research

illustration by SMillustration by SM

Provisional title of my PhD thesis*:

Industrial Heritage Sites in Post-Socialist Serbia: Between Manufacturing the Past and Constructing the Future

the future today is not what it used to be

Abstract:

The recent turbulent breakdown of former socialist Yugoslavia has resulted in change of paradigms from industrial to service based economy. In fact, 98 major industrial centres and factories in Serbia have been shut down and the number of people employed in industry has dropped from 970.000 to 370.000. Departed from once future-oriented industrial society, Serbian institutions are currently introducing past-oriented heritage projects to revive current idling urban situation in company towns across the country. Simultaneously, Serbian academia is discussing industrial heritage as a rather romanticized narrative, rooted in the predominantly historic preservation approach. However, outside the institutional and academic discourse is a liminal space filled with struggles of former factory workers, their families and single factory town citizens; high unemployment rates with no sign of improvement, experience of failing privatizations and loss of jobs, erosion of moral standards and reduction of workers’ rights, and agonizing process of struggle against the old way of life have resulted in lack of means for the town dwellers to control the probabilities and create active plans for the future. Therefore, my thesis focuses on this significant space in-between. Using qualitative research method, I have been documenting since 2012 the project of transformation of Senjski Rudnik from a mining town into a town museum. The aim is to critically investigate the true nature of memory construction and expose current strategies of spatial reconfiguration as a new form of governmatality which defines today’s Serbian post-socialist urban context.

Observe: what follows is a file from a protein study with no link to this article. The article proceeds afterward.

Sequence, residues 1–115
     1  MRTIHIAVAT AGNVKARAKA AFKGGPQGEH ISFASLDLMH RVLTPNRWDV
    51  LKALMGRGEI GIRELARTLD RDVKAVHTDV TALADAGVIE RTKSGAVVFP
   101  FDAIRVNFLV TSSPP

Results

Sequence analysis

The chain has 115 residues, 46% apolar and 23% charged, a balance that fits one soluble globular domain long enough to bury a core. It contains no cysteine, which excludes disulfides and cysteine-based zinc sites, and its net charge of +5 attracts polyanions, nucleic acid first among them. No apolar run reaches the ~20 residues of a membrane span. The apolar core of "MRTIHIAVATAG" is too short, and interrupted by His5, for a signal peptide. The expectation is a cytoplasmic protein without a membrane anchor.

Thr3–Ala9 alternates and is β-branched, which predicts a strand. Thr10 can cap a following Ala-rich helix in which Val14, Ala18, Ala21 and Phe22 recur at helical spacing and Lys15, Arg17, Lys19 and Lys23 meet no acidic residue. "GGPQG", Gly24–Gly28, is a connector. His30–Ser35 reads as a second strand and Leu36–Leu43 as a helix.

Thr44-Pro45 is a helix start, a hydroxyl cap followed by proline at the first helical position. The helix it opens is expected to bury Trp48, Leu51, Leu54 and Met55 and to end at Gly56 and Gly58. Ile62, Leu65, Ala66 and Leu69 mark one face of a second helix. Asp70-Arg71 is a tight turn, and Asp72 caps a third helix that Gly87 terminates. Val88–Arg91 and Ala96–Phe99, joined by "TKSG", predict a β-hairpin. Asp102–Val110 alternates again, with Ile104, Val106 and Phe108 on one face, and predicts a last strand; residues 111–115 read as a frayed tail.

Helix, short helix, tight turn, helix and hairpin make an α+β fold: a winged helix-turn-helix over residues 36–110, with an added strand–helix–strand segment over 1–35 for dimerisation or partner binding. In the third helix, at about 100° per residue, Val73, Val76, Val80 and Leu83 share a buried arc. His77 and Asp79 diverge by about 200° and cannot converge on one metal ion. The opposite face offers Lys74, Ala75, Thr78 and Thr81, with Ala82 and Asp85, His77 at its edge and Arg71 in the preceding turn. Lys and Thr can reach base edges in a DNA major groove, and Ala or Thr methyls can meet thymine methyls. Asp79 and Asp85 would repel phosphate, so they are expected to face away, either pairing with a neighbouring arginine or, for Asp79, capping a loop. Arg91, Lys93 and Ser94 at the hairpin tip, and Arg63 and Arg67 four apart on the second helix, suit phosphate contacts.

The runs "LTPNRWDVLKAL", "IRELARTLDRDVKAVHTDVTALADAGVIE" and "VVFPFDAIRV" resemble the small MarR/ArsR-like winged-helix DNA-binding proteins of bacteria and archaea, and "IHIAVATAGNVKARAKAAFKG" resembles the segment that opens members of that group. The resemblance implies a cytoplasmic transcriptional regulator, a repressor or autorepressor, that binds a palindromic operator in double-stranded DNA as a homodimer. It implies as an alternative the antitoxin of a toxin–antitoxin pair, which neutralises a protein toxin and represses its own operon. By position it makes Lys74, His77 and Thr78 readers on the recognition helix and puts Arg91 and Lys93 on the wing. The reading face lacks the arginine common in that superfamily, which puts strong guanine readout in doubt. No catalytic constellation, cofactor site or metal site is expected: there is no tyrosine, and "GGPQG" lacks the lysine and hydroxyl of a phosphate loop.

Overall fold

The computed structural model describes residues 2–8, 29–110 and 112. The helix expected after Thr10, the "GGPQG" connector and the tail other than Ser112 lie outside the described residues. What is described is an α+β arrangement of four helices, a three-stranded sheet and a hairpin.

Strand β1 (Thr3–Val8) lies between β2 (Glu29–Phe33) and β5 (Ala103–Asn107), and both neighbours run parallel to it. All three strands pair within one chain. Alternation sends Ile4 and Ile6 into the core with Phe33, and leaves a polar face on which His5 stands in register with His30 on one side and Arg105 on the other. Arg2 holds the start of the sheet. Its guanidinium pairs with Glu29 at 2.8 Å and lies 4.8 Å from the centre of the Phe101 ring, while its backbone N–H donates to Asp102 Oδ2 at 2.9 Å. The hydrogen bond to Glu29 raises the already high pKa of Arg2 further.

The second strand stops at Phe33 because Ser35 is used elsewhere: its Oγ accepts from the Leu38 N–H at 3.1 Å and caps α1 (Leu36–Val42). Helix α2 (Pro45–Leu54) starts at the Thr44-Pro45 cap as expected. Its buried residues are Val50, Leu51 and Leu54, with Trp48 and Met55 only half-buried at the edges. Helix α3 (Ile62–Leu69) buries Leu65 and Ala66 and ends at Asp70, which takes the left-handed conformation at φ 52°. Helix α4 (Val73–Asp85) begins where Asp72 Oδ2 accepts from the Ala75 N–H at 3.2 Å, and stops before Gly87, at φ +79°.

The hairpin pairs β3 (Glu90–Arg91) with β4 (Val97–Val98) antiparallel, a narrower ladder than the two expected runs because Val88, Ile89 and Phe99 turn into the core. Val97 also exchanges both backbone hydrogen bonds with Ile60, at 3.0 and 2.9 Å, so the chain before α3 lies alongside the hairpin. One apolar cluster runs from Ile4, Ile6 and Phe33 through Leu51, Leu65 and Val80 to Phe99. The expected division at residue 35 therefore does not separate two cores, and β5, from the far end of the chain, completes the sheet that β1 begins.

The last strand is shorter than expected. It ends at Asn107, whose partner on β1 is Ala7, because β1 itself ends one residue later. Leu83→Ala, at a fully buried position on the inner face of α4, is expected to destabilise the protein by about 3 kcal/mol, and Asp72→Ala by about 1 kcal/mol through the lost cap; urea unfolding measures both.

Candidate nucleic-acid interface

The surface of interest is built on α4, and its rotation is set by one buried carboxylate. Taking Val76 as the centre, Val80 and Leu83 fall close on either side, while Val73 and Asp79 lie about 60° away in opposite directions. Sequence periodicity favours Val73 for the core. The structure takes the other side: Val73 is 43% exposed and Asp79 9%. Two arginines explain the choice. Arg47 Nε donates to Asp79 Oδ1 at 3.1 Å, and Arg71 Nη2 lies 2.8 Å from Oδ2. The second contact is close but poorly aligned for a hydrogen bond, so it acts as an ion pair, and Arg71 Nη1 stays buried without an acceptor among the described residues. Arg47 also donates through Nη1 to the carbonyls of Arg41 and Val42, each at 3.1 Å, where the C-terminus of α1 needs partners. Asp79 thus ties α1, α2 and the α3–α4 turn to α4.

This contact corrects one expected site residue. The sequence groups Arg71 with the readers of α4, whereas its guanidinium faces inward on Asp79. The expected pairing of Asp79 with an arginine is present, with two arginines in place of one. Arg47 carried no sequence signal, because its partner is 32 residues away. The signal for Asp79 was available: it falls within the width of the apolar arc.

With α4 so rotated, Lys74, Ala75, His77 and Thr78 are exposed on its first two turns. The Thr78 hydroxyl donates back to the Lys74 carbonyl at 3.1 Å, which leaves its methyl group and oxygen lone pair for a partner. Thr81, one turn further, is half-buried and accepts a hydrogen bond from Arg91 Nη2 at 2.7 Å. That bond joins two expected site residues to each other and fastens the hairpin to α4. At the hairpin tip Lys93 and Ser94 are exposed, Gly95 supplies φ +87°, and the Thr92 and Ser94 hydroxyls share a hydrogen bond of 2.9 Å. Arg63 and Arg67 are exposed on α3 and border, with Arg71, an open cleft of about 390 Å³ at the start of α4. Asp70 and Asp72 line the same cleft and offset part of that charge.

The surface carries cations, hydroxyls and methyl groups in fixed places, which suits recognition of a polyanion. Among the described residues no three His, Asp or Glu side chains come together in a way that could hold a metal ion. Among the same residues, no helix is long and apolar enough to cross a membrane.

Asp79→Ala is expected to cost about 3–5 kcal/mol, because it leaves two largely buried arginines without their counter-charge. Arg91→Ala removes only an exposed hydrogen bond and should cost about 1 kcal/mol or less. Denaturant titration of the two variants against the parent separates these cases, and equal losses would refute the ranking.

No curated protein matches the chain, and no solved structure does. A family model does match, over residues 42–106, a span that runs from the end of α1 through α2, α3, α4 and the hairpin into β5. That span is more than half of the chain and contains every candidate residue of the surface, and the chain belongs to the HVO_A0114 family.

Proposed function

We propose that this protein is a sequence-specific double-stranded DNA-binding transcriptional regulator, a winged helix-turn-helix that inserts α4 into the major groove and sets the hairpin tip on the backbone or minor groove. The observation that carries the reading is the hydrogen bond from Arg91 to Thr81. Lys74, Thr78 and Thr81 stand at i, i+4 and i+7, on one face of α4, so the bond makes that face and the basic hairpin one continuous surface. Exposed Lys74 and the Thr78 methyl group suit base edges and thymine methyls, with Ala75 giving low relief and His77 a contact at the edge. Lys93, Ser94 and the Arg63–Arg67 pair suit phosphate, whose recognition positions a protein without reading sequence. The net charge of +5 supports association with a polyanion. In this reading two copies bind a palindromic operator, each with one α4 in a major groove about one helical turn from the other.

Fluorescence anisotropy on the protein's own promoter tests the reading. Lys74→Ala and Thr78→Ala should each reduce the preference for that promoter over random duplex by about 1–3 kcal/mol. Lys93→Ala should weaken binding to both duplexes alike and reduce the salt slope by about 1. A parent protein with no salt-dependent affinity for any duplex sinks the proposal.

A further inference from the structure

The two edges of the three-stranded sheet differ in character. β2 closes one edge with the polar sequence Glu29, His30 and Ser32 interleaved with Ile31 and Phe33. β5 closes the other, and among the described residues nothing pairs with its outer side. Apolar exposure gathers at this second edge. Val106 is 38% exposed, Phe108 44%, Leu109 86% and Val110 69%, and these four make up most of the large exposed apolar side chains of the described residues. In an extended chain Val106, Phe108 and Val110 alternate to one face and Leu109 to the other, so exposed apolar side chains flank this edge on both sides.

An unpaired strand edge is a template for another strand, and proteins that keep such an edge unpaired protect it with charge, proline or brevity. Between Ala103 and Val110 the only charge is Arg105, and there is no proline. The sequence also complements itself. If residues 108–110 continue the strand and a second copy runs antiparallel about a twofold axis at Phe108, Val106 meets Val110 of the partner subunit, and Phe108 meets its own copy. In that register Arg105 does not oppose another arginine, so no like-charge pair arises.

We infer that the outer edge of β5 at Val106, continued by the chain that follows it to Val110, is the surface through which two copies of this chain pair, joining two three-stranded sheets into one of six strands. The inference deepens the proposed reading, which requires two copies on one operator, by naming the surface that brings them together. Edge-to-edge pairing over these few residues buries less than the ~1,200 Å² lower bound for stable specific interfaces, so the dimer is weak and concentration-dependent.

Keywords:

Industrial heritage, post-socialist Serbia, mining towns, urban redevelopment, urban memory, liminal space

*The research is being conducted as part of the Urban Heritage research group at the Institute for European Urban Studies, Bauhaus-Universität Weimar.

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